Unworthy of the least of His mercies…

When, in disgrace with fortune and men’s eyes,
I all alone beweep my outcast state,
And trouble deaf heaven with my bootless cries,
And look upon myself and curse my fate,
Wishing me like to one more rich in hope,
Featured like him, like him with friends possessed,
Desiring this man’s art and that man’s scope,
With what I most enjoy contented least;
Yet in these thoughts myself almost despising,
Haply I think on thee, and then my state,
(Like to the lark at break of day arising
From sullen earth) sings hymns at heaven’s gate;
       For thy sweet love remembered such wealth brings
       That then I scorn to change my state with kings.
(Sonnet xxix, Wm. Shakespeare)
 

We are none of us heroes.  Until “this mortal shall put on immortality” and we leave behind this weary world, we all have feet of clay. The apostle Paul called himself “less than the least of all the saints”, and Jacob besought Jehovah to bless him, though he was “unworthy of the least of all His mercies.”

The problem is, we innately feel that we deserve better than our current lot in life, as Shakespeare expressed. When good things come our way, friends reinforce this line of thinking. “You deserve the best!”  We are daily bombarded by the idea that we “need” more than we currently have. 

During this past Lord’s day, I heard a sermon that touched on Romans 1.  Those that God gave up on in judgement and allowed their personal lusts to destroy them failed in two core ways: failure to acknowledge and glorify the one true God as King and Creator, and failure to be thankful. OUCH!  Back down on my knees I go!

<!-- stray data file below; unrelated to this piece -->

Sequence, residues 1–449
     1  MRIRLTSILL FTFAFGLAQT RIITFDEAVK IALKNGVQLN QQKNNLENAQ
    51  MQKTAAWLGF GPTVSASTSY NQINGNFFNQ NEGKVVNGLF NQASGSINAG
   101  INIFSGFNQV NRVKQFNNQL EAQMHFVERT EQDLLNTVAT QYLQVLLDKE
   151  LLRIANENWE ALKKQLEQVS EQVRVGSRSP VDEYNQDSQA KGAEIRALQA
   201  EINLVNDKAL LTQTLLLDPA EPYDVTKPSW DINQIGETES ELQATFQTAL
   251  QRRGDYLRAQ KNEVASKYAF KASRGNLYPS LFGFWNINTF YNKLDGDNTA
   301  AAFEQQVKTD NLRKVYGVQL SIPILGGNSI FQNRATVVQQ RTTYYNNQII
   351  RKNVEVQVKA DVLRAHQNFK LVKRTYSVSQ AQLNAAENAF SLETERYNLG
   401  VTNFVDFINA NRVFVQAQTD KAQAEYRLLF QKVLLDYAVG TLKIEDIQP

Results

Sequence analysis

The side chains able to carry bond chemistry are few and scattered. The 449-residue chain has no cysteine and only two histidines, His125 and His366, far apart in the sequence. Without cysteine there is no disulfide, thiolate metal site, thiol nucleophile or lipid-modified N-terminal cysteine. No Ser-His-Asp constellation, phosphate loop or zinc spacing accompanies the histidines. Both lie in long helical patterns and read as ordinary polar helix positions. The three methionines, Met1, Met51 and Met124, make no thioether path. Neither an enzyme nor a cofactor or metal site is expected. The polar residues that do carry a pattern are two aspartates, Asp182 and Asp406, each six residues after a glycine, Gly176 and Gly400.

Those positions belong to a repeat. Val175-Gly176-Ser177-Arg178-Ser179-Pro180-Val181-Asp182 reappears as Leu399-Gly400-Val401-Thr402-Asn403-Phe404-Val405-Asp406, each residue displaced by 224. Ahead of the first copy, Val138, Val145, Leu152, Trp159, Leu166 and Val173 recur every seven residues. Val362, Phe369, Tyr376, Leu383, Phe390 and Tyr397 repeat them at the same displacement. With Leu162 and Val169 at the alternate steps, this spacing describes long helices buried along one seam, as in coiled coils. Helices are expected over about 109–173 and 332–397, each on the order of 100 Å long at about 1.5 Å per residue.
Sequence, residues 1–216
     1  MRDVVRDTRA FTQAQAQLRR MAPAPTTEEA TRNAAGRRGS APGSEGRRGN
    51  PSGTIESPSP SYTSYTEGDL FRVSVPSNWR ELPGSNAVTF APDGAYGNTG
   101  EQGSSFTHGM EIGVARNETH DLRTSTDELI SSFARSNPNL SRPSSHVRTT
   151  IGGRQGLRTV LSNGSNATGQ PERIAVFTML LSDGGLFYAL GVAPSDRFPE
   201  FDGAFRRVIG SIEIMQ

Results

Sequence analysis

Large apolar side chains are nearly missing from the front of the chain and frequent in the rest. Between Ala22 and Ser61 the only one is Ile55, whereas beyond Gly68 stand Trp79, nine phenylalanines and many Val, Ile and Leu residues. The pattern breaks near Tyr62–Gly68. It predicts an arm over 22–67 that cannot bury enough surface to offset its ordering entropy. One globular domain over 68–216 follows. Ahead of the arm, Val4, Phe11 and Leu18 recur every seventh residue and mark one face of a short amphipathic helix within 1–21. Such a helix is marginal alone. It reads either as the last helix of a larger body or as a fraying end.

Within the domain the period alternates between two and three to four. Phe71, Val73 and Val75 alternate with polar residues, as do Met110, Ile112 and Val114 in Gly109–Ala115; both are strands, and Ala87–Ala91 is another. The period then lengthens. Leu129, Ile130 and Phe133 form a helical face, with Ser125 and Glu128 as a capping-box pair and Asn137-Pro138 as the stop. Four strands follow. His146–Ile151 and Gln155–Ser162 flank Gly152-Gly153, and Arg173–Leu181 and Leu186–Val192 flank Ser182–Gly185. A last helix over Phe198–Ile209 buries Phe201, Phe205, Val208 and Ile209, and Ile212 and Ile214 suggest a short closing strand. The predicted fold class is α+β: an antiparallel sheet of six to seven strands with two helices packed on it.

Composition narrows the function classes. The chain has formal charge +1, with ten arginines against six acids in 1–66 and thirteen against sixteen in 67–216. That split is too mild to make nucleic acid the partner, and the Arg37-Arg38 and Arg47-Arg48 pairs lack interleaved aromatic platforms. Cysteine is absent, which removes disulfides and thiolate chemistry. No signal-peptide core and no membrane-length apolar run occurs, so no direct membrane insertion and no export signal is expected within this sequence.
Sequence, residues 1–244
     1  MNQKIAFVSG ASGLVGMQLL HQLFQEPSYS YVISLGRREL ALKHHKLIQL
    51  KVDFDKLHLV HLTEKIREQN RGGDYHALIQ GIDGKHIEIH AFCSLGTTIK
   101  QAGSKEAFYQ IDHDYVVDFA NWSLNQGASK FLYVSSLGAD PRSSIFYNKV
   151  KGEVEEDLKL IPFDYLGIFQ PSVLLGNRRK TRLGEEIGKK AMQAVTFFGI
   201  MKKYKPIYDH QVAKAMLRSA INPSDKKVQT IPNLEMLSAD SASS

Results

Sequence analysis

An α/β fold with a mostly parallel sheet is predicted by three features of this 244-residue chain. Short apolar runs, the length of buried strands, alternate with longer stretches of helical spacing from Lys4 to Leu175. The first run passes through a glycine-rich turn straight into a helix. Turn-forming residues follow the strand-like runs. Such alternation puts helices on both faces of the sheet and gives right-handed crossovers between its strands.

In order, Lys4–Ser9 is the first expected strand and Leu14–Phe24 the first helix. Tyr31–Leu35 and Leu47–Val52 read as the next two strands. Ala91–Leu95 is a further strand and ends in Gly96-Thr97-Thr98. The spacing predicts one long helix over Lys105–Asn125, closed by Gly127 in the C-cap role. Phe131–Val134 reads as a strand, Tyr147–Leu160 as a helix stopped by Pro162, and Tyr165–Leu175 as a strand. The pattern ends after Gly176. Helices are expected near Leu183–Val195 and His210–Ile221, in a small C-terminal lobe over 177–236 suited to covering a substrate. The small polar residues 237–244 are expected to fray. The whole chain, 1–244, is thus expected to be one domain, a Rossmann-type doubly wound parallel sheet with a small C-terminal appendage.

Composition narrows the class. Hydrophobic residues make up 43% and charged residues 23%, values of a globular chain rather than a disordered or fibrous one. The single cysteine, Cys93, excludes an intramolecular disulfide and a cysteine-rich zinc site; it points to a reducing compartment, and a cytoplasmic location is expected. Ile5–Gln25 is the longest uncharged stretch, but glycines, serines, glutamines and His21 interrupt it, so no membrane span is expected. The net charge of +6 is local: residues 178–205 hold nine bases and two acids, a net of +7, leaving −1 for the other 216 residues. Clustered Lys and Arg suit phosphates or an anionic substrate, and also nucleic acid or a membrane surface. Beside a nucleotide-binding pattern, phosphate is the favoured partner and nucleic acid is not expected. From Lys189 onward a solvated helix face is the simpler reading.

Further contact with the living water of the Word this week reminded me that our ingratitude is so often verbally expressed.  Isaiah said with fear and trembling when he saw the LORD high and lifted up in his holy temple, “Woe is me! For I am undone! I am a man of unclean lips…” (Is. 6) 

If anyone deserves the title “hero”, I would presume the self-sacrificial and boldly witnessing Apostle Paul would qualify. Instead,  Paul pours out his homage to Christ, and repeatedly claims to be both a servant of  Christ and of his fellowman.
On the days when I am tempted to be drowning in my personal struggles as wife of a chronically ill husband, I need this truth. God is good. He has been abundantly merciful to me, and I DON’T deserve even the tiniest of His mercies.  Without His love and and saving grace, I would be a child of hell, bent on pursuing whatever fulfills all “my” needs.  Whatever He brings to me this day, I am Christ’s servant. Lord, I believe this. Help my unbelief on days when I don’t see through the mirror of your Word.

 

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